"There's only one hard and fast rule in running: sometimes you have to run one hard and fast."








Monday, May 13, 2013

Creating a New Racing Community #1

When I started running, I saw the same faces at every race. There were about two dozen races that attracted a large number of serious competitors and far more that might have a ringer or two, but were mostly local events. With the running boom of 1978-1985, there were ever more races trying to get ever more entrants and that killed the sense of community among racers. First, there were so many races that the number of top runners got diluted between them. Second, the big races became HUGE races, where the 50-100 serious competitors were lost in the sea of 5000+; I remember finishing races and running straight to my car to beat the traffic of the thousands of runners behind me, instead of hanging around to chat with my competitors like I had only a few years earlier.

The increased number of entrants caused prices to skyrocket. First, there was a simple time factor; Grandma's Marathon used to shut off its clock after 4 1/2 hours - which was common - but catering to thousands of 6 hour marathoners meant paying police officers for more hours. Second, slower runners require more assistance; there had been 10 mile races without aid stations, which was possible only when there were 50 runners and none finished in over 75 minutes; they also wanted transportation between the start and finish. Third, slower runners were more demanding and choosier; top runners often say "what do I need another T-shirt for?" while those for whom a marathon was a once in a lifetime thing wanted a lot of swag and would decide against a race because another had better stuff to give out. Fourth, there were costs strictly based on size; for example, parks permits cost less for small groups (at one time, St. Paul charged nothing for events with fewer than 150 people). With increased costs, racers did fewer races, decreasing the odds of running against those they considered their competition.

When competitive runners stopped being able to race against each other on a regular basis, all that became important was finishing time; you might not be able to race against someone, but you could still compare your time in one race with theirs in another. This, however, meant that races had to be certified - and flat. Variety disappeared from races. Attempts were made to get the top local runners in the same races; the USATF MN and MDRA created championship races for several distances, team championships and so on, but this only attracted the very few who had a chance to win awards and the vast majority of competitive runners found they had ever fewer reasons to train and race hard.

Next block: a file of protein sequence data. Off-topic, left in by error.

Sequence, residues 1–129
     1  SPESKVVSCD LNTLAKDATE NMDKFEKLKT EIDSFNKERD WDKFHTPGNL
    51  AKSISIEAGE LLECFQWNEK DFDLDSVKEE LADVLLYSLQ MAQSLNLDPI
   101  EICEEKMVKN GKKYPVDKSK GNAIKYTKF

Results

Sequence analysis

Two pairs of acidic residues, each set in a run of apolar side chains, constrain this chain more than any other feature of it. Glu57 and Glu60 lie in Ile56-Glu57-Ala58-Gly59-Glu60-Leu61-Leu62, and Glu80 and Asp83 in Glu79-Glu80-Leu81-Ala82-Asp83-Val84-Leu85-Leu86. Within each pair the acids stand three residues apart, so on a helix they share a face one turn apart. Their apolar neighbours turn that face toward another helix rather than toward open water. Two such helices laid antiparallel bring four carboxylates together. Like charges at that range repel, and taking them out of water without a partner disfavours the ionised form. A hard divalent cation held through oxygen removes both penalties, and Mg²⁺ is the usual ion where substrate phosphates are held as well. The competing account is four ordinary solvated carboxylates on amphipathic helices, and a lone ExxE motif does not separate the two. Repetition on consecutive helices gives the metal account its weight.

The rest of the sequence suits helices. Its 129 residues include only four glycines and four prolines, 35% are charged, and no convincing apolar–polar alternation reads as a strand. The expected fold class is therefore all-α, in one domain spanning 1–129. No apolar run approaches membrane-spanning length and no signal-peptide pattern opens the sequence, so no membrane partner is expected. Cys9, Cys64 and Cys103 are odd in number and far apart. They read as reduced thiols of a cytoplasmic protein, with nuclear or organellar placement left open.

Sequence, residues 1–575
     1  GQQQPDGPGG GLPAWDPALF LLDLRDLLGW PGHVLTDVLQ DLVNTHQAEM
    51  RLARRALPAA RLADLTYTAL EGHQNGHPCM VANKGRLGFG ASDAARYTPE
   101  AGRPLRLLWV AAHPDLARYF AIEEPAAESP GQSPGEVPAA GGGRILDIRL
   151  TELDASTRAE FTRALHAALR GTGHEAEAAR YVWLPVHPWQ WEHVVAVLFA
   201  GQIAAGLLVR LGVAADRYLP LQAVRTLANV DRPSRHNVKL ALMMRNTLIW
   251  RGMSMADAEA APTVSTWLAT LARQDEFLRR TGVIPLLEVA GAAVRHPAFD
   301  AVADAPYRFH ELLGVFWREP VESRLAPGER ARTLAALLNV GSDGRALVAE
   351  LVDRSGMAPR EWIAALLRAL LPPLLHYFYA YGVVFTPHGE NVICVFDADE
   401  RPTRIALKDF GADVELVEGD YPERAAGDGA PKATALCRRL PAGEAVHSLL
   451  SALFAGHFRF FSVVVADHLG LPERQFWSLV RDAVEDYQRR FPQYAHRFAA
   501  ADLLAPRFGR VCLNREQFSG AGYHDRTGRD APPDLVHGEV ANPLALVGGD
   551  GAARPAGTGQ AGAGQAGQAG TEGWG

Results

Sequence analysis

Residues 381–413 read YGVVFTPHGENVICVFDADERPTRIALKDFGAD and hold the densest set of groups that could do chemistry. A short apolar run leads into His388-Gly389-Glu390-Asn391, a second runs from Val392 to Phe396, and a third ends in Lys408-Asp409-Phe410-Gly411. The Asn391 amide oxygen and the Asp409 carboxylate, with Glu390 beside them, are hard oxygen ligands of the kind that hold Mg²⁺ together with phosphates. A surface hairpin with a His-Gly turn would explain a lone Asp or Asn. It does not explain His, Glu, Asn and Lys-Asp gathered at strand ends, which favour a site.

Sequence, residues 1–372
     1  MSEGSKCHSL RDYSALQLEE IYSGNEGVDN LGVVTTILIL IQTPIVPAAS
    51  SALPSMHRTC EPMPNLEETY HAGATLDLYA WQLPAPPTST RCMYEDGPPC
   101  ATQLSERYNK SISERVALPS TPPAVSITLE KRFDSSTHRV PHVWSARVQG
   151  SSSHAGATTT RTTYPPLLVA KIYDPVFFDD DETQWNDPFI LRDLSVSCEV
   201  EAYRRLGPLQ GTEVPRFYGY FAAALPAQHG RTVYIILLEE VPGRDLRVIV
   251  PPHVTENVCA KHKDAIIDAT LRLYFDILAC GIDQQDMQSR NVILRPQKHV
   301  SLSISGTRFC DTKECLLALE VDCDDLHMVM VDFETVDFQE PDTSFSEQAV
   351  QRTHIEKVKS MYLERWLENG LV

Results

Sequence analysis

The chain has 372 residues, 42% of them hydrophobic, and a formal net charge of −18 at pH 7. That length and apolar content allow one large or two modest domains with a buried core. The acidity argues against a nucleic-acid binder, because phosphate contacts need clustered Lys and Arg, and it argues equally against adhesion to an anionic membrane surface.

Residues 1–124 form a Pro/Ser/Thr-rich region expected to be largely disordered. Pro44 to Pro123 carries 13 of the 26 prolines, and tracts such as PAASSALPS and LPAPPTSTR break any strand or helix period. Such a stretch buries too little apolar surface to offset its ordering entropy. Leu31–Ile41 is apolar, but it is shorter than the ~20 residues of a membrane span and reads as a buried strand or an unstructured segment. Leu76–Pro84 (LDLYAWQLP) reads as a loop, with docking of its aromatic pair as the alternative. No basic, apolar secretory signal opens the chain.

Five years ago, I thought that there was a way out of this quagmire by running trail races and I became one of the founders of the UMTR and their series of trail races. Trail races seemed to have the same people at every event - here, at last, there appeared to be community! Unfortunately, the vast majority of these runners were not competitive; most were running ultramarathons and one cannot truly race several ultramarathons each year. All that mattered was finishing and enjoying oneself (nothing wrong with that in itself!) and, excepting a few who a chance at winning, these differed little from social training runs.

I've retired from racing. There just isn't anything in them for me anymore. I outlasted my sport by decades and have accepted my role as an "elder statesman," an old crank complaining that things aren't like they used to be.

The racing community could come back; you don't know what you missed. I'll try to explain how to do it in the next few posts.

3 comments:

wildknits said...

Just ran across my Team Steve singlet - if it ever warms up I plan on wearing it in your honor.

Our NMTC club races have grown incredibly in the past few years (when I first started showing up there were just a handful of women and rarely more then 30 or so runners) but still offer that sense of community. The point system encourages folks to not only run fast, but participate in as many of the races as possible. Friendly rivalries develop as the season progresses and we watch the standings change from week to week.

These races are no frills and were only $1. Now they are free (donations accepted).

That might be the secret to recreating a racing community.

Colin Gardner-Springer said...

I always enjoy your "old crank" posts, they bring to mind Grandpa Simpson. Looking forward to the rest of this series!

I agree with most of what you're saying, but don't share your pessimistic conclusions. Yes, the community has changed, but not just for the worse.

For instance 10 years ago we'd race and chat occasionally at trail races; today I can follow your training (and that of many others of a variety of levels) on DailyMile or other sites. I think this has made me a better runner.

mike_hinterberg said...

Thanks Steve, I really enjoy this perspective and learned about a few historical things I hadn't thought about. I also agree with Colin's point-of-view that maybe it's not entirely negative.
As you see fit, I'd be interested in comparisons between the first running boom and this one. And also, how you see the internet and social media (not just Blogs and Facebook, but also ultrasignup and athlinks results and "rankings") affecting things.